Dementia with Lewy bodies is also caused by neurodegeneration linked to abnormal structures in the brain. Here, the brain changes involve a protein called alpha-synuclein.10

Mixed dementia refers to a diagnosis of two or three types occurring together. A person may show both Alzheimer’s disease and vascular dementia at the same time. Or the combination could be Lewy bodies and Alzheimer’s. There can also be a combination of all three types.10

Parkinson’s disease is also marked by the presence of Lewy bodies. While the part of the brain affected means there are classic movement symptoms, people with Parkinson’s can also go on to develop dementia symptoms as the degenerative changes in the brain gradually spread.10

Huntington’s disease is similar to Parkinson’s in the respect of being classically marked by uncontrolled movements yet having dementia as a component. It results in mood changes, too. Huntington’s is an inherited condition caused by a single faulty gene. This can produce the disease at any age – as young at 2 years of age and as old as 80, but typically between the ages of 30 and 50 years.10

Other disorders leading to symptoms of dementia include:10

  • Frontotemporal dementia (also known as Pick’s disease)
  • Normal pressure hydrocephalus (when excess cerebrospinal fluid accumulates in the brain)
  • Posterior cortical atrophy (caused by the same tissue abnormalities seen in Alzheimer’s disease, but in a different part of the brain), and
  • Down syndrome (people born with this are more likely to develop young-onset Alzheimer’s).

Recent developments on causes of dementia from MNT news

Link found between dementia and vitamin D deficiency – In what is regarded as the first large, population-based study of its kind, a team of researchers has found a link between vitamin D consumption and the risk of developing dementia. Older people who do not get enough vitamin D could double their risk of developing the condition.

Traumatic brain injury in older adults linked to increased dementia risk – A study published in JAMA Neurologysuggests that for adults aged 55 years and older, traumatic brain injury may be linked to an increased risk of dementia.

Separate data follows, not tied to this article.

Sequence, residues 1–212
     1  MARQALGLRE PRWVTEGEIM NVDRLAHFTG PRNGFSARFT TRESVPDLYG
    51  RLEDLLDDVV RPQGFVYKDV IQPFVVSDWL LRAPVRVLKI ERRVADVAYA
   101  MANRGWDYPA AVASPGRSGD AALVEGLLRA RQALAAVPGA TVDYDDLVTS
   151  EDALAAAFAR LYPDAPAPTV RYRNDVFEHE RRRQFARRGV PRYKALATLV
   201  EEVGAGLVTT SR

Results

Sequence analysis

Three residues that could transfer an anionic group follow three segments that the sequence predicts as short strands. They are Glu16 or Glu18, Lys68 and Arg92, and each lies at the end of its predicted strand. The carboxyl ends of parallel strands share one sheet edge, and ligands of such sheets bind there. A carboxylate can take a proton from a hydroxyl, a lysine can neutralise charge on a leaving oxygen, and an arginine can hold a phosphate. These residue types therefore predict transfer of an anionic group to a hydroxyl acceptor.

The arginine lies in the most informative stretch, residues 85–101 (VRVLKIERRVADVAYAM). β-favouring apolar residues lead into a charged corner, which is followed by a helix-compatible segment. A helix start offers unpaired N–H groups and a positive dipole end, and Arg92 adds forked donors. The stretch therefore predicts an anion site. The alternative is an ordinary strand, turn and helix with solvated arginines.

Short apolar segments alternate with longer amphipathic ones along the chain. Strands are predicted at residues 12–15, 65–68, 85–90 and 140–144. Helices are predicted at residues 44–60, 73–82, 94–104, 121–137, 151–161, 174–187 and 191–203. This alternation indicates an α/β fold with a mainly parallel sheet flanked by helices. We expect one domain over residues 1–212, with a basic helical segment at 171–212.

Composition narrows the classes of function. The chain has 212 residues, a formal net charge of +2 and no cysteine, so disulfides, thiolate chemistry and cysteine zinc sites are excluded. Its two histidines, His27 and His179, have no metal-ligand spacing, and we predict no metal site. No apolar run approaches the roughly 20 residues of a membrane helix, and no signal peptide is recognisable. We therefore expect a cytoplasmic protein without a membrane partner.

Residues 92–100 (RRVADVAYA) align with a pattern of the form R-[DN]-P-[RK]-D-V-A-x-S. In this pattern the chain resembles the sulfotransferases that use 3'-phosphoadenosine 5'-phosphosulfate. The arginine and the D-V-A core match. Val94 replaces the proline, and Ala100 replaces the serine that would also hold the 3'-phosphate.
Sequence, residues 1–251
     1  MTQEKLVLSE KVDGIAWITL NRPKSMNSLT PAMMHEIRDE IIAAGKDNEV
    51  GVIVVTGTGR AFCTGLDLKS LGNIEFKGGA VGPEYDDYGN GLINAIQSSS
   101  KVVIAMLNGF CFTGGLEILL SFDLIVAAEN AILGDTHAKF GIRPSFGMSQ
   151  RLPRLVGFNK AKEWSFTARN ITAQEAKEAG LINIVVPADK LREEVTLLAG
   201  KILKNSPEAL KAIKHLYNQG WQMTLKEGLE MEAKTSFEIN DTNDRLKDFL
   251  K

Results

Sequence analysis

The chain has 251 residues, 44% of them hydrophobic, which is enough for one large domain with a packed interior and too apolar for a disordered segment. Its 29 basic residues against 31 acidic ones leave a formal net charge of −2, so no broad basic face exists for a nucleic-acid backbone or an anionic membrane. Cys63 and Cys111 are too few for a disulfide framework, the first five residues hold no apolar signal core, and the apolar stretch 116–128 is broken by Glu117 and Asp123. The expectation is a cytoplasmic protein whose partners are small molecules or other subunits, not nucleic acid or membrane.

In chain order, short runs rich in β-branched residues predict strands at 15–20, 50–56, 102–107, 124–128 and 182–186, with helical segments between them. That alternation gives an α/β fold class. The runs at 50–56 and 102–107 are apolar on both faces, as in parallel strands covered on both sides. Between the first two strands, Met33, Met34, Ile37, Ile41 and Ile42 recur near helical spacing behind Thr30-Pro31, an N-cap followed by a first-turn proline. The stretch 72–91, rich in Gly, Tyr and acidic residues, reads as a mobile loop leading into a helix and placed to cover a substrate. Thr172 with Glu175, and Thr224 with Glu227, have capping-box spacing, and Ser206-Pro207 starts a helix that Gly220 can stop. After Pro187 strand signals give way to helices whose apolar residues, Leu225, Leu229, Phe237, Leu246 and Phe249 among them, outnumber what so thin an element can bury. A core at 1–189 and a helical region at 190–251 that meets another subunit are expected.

Does poor sleep increase risk of dementia? – While sleep protects both physical and mental health, some people experience better sleep than others. Now, new research has associated poor sleep with an increased risk of dementia as a result of changes that occur within the brain.

Signs and symptoms

mature lady looking confused
Memory loss in dementia can be serious enough for the person to forget where they are, even on their home street.

The symptoms of dementia experienced by patients, or noticed by people close to them, are exactly the same signs that healthcare professionals look for. Therefore, detailed information on these is given in the next section about tests and diagnosis.

A person with dementia may show any of the following problems, mostly due to memory loss – some of which they may notice (or become frustrated with) themselves, while others may only be picked up by carers or healthcare workers as a cause for concern. The signs used to compile this list are published by the American Academy of Family Physicians (AAFP) in the journal American Family Physician:6

  • Recent memory loss – a sign of this might be asking the same question repeatedly, forgetting about already asking it.
  • Difficulty completing familiar tasks – for example, making a drink or cooking a meal, but forgetting and leaving it.
  • Problems communicating – difficulty with language by forgetting simple words or using the wrong ones.
  • Disorientation – with time and place, getting lost on a previously familiar street close to home, for example, and forgetting how they got there or would get home again.
  • Poor judgment – the AAFP says: “Even a well person might get distracted and forget to watch a child for a little while. People with dementia, however, might forget all about the child and just leave the house for the day.”
  • Problems with abstract thinking – for example, dealing with money.
  • Misplacing things – including putting them in the wrong places and forgetting about doing this.
  • Mood changes – unlike those we all have, swinging quickly through a set of moods.
  • Personality changes – becoming irritable, suspicious or fearful, for example.
  • Loss of initiative – showing less interest in starting something or going somewhere.

The Alzheimer’s Association has put together Know the 10 signs – a PDF document listing real-life examples of how this type of dementia can affect people.